[Python-Dev] Guidance regarding what counts as breaking backwards compatibility

Brett Cannon brett at python.org
Mon Feb 3 18:01:11 CET 2014

On Sat, Feb 1, 2014 at 9:14 PM, Nick Coghlan <ncoghlan at gmail.com> wrote:

> On 2 February 2014 11:06, Steven D'Aprano <steve at pearwood.info> wrote:
> > Hi all,
> >
> > Over on the Python-ideas list, there's a thread about the new statistics
> > module, and as the author of that module, I'm looking for a bit of
> > guidance regarding backwards compatibility. Specifically two issues:
> >
> >
> > (1) With numeric code, what happens if the module become more[1]
> > accurate in the future? Does that count as breaking backwards
> > compatibility?
> >
> > E.g. Currently I use a particular algorithm for calculating variance.
> > Suppose that for a particular data set, this algorithm is accurate to
> > (say) seven decimal places:
> >
> > # Python 3.4
> > variance(some_data) == 1.23456700001
> >
> > Later, I find a better algorithm, which improves the accuracy of the
> > result:
> >
> > # Python 3.5 or 3.6
> > variance(some_data) == 1.23456789001
> >
> >
> > Would this count as breaking backwards compatibility? If so, how should
> > I handle this? I don't claim that the current implementation of the
> > statistics module is optimal, as far as precision and accuracy is
> > concerned. It may improve in the future.
> For this kind of case, we tend to cover it in the "Porting to Python
> X.Y" section of the What's New guide. User code *shouldn't* care about
> this kind of change, but it *might*, so we split the difference and
> say "It's OK in a feature release, but not in a maintenance release".
> There have been multiple changes along these lines in our floating
> handling as Tim Peters, Mark Dickinson et al have made various
> improvements to reduce platform dependent behaviour (especially around
> overflow handling, numeric precision, infinity and NaN handling, etc).

I agree with Nick that it's a feature release change, not a bugfix one.

I think the key way to rationalize this particular case is the use of the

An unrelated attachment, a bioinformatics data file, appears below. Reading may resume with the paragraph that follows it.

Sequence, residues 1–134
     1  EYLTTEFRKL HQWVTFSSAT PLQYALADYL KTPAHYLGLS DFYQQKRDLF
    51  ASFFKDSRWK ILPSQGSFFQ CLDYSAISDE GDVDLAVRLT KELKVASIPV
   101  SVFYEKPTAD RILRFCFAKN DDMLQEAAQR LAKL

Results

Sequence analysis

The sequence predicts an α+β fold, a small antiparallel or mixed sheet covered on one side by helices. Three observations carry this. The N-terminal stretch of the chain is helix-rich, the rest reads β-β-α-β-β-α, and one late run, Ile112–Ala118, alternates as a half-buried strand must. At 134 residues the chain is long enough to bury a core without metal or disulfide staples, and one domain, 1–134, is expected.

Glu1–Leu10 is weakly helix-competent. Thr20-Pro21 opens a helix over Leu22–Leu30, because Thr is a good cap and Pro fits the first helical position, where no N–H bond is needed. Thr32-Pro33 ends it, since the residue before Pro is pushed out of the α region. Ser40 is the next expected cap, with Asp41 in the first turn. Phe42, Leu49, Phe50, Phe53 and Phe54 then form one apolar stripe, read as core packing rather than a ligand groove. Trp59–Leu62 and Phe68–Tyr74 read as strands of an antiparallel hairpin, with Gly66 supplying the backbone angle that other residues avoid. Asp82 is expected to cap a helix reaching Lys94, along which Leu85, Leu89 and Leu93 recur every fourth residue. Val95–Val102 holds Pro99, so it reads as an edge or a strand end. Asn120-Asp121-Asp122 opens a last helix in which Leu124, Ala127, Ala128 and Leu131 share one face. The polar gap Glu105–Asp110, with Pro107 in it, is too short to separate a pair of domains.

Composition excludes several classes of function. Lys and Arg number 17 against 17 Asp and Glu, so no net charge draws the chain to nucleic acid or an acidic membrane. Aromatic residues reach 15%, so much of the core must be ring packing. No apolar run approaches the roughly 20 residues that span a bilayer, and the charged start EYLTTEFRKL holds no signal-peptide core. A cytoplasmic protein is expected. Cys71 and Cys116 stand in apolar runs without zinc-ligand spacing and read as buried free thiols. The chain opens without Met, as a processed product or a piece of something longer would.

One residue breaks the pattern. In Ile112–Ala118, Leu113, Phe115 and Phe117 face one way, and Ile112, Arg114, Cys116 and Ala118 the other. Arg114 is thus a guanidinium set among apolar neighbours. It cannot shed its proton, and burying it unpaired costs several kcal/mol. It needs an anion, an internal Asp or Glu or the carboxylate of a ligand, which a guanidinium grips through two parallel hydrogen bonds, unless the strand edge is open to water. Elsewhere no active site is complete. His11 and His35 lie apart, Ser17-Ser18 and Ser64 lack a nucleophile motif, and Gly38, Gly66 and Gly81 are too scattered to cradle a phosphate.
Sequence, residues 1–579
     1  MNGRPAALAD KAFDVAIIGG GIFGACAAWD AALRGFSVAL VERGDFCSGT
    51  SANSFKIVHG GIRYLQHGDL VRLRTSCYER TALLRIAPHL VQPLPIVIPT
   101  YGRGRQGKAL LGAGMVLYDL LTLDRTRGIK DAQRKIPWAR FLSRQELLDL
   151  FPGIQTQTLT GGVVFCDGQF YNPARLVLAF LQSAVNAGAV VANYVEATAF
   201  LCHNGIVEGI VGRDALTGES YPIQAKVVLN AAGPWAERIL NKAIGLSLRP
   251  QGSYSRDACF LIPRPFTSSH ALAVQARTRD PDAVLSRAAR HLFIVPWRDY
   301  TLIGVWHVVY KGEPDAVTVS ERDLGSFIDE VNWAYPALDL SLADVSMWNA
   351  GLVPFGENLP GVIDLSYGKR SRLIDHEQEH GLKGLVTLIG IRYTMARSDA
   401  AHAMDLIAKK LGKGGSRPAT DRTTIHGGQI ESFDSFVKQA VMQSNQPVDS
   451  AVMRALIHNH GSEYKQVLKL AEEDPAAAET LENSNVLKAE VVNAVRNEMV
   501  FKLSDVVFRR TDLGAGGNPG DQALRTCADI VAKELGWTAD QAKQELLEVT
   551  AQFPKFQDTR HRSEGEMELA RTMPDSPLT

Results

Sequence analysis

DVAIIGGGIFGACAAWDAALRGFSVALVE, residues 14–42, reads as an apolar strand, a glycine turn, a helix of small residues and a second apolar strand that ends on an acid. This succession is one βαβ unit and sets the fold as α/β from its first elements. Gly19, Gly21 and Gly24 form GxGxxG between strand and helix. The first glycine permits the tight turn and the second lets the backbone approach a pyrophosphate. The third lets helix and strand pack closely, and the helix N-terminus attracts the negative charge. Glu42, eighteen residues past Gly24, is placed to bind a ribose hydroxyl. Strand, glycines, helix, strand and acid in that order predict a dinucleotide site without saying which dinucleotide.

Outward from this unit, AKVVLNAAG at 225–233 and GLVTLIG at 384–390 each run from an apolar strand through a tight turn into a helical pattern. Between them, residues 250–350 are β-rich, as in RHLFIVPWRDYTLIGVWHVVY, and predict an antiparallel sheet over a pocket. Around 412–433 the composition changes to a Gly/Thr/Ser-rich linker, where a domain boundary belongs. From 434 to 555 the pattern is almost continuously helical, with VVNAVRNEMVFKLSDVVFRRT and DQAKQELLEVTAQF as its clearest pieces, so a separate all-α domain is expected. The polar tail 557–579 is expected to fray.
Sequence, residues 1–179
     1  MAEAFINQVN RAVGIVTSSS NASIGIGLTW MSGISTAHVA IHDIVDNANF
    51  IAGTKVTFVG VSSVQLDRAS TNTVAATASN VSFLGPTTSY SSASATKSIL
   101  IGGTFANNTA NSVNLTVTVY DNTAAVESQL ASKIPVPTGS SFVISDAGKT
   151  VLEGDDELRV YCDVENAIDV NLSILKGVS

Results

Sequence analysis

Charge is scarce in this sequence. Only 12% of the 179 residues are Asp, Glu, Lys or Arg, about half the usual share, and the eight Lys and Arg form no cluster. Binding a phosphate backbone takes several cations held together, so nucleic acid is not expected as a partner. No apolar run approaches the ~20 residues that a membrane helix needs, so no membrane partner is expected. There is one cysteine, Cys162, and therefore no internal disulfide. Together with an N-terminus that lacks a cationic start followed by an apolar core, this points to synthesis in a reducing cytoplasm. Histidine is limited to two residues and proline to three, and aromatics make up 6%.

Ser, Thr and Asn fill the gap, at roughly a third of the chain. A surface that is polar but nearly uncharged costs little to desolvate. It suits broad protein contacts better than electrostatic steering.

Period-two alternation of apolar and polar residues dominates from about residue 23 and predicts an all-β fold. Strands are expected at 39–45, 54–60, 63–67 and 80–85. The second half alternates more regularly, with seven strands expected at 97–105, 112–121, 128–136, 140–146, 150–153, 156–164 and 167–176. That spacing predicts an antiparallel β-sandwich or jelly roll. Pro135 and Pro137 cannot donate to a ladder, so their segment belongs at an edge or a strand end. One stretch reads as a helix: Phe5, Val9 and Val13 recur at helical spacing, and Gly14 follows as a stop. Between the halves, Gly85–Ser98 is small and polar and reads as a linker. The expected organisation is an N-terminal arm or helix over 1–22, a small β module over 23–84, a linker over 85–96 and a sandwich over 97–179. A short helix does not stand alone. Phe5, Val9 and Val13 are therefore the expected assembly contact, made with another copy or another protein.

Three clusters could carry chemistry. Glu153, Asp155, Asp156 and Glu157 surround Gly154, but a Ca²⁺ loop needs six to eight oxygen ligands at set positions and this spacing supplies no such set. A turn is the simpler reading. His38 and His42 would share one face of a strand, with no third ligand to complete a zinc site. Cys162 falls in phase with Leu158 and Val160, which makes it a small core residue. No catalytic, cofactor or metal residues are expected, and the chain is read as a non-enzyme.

words "better" and "improves". Notice you never said "broken" or "wrong",
just that you were making the estimate better. Since the previous behaviour
was not fundamentally broken and going to cause errors in correct code it
then should only go in a feature release.


> However, we also sometimes have module specific disclaimers - the
> decimal module, for example, has an explicit caveat that updates to
> the General Decimal Arithmetic Specification will be treated as bug
> fixes, even if they would normally not be allowed in maintenance
> releases.
> For a non-math related example, a comment from Michael Foord at the
> PyCon US 2013 sprints made me realise that the implementation of
> setting the __wrapped__ attribute in functools was just flat out
> broken - when applied multiple times it was supposed to create a chain
> of references that eventually terminated in a callable without the
> attribute set, but due to the bug every layer actually referred
> directly to the innermost callable (the one without the attribute
> set). Unfortunately, the docs I wrote for it were also ambiguous, so a
> lot of folks (including Michael) assumed it was working as intended. I
> have fixed the bug in 3.4, but there *is* a chance it will break
> introspection code that assumed the old behaviour was intentional and